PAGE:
I asked if Krishna could be shown with just some animals and trees as these are mentioned as being also His associates. Srila Prabhupada said, “Yes, even the trees, flowers, birds, cows are all His devotees, you can paint.”
 I asked if I should try to create better high quality paintings. Srila Prabhupada explained “You know the art, I have seen. But your service has no limit. So flood the world with these paintings, everywhere.”
I was incredibly inspired by Srila Prabhupada’s vision of flooding the world with art about Krishna and His pastimes. I felt like I was part of a great new renaissance of Krishna art. I got back into the techniques of the 19th century masters of fine realism. I wanted to bring Krishna art to the next level, so to speak. Prabhupada coined Krishna paintings as “windows to the spiritual world,” so his vision helped his artists to develop a style which I like to call “transcendental realism.” So these windows to the spiritual world take you to a reality which transcends time, space and place beyond this objective world of our mundane sensual experience.
Svahadevi: So is that why your “All-Attractive Couple” painting of Radha and Krishna has this quality of realism and detail?
Vishnu Dasa: That painting was actually my first limited edition lithographic print, and yes, by then I was applying fine art techniques of the masters to create it.
It took me about a year to get it to the printers as I kept re-painting over certain areas until I was satisfied. Nowadays I work slow and carefully. I guess I’m no longer the “human camera.”
Svahadevi: How many prints of the “‘All Attractive Couple” have you sold so far?
Vishnu Dasa: Last we checked it was over nine thousand. I’m just one artist, so I thought this is my small contribution to honoring Srila Prabhupada’s request to “flood the world with Krishna Art.” With all the new temples springing up around the world I can forsee in the future lots of opportunities for artists to help Prabhupada’s mission to inundate the world with Krishna Art.
Svahadevi: One thing I noticed about ‘All-Attractive Couple’ and also your new painting of ‘Sri Krishnachandra’ is that They are looking directly at us, the observer, which you don’t see too often in Krishna art. Is there a purpose behind this?
Vishnu Dasa: Yes, to inspire the desire for a personal relationship with Them is the purpose. When studying the masters of portraiture you can notice how they bring you into the subject’s personal world through the eyes. I’ve had this same experience, as many have, by looking at the deities in temples. They are looking at us, inviting us into Their realm, into a personal relationship or ‘rasa’ with Them. The greatest masters of portraiture have that ability to capture a person’s image in 3D on a 2D canvas. In the case of a portrait of Radha and Krishna, the same ideas are there, as They are the original inspiration of pure devotion and are forever inviting us into Their dhama (divine abode). Krishna is Paramatma and Bhagavan, the observer from within and without, so He is always seeing us and through us.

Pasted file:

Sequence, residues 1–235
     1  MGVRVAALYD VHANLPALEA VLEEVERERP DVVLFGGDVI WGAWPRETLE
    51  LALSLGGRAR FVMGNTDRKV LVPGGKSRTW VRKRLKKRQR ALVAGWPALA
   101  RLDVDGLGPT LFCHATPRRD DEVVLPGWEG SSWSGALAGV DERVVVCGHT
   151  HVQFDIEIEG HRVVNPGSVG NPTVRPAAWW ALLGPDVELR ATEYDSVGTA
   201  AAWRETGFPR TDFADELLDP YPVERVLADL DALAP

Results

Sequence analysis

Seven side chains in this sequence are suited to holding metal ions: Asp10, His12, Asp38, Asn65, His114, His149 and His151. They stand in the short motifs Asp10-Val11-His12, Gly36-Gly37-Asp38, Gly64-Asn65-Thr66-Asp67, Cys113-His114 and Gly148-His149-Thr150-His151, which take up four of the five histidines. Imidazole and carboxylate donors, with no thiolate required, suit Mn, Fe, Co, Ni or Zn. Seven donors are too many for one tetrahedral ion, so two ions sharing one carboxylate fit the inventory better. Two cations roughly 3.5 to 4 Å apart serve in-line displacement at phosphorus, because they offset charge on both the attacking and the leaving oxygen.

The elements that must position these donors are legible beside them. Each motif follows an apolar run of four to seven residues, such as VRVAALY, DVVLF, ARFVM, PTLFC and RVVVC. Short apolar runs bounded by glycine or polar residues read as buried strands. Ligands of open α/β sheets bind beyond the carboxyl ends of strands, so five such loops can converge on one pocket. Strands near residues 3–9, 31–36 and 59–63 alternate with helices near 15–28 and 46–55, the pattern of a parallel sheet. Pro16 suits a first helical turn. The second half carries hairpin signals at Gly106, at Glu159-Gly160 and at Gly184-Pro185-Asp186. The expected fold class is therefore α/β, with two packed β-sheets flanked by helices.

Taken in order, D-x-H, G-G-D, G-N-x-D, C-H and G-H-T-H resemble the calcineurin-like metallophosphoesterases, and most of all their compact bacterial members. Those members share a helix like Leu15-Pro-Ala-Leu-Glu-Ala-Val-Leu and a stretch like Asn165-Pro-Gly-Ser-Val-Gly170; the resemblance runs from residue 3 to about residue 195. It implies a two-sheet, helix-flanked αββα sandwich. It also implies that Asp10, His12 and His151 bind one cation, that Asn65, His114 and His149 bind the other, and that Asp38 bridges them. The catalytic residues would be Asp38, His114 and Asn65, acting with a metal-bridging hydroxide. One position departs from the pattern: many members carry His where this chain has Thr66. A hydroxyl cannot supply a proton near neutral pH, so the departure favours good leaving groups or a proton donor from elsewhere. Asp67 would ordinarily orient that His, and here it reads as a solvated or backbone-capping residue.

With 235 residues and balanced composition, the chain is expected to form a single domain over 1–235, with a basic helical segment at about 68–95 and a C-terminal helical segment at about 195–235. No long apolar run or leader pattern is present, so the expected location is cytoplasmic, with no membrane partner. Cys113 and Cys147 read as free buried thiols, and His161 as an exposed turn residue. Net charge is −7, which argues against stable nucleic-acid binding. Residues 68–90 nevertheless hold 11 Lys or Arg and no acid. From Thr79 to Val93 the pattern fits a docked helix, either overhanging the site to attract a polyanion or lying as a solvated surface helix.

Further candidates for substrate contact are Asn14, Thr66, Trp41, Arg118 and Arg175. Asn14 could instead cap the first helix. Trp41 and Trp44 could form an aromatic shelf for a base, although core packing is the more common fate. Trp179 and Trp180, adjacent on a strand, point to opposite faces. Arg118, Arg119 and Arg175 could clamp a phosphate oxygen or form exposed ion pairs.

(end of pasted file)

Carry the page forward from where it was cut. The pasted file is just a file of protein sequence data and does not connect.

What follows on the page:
Svahadevi: Is there a certain style of art that should be used to best illustrate “Krishna Art”?
Vishnu Dasa: Krishna deserves the very best that artists can provide with their skills, which need not be limited to one style or another, but it’s actually only the sincere devotion that attracts Krishna. And that is always the goal of a Krishna artist, to please the spiritual master and the Lord with works of devotion.
Svahadevi: Can you tell me something about your new painting of Sri Krishnachandra?
Vishnu Dasa: I became very interested in Sri Krishna’s astrological birth chart and wanted to know more about His moon, as I have seen so many paintings with Sri Krishna shown with a full moon in the background. I found that at birth, Lord Krishna’s Moon was full and in the naksatra of Rohini, exalted in Taurus, the sign of the bull. The bull is the symbol of dharma (the constitutional spiritual function of the soul).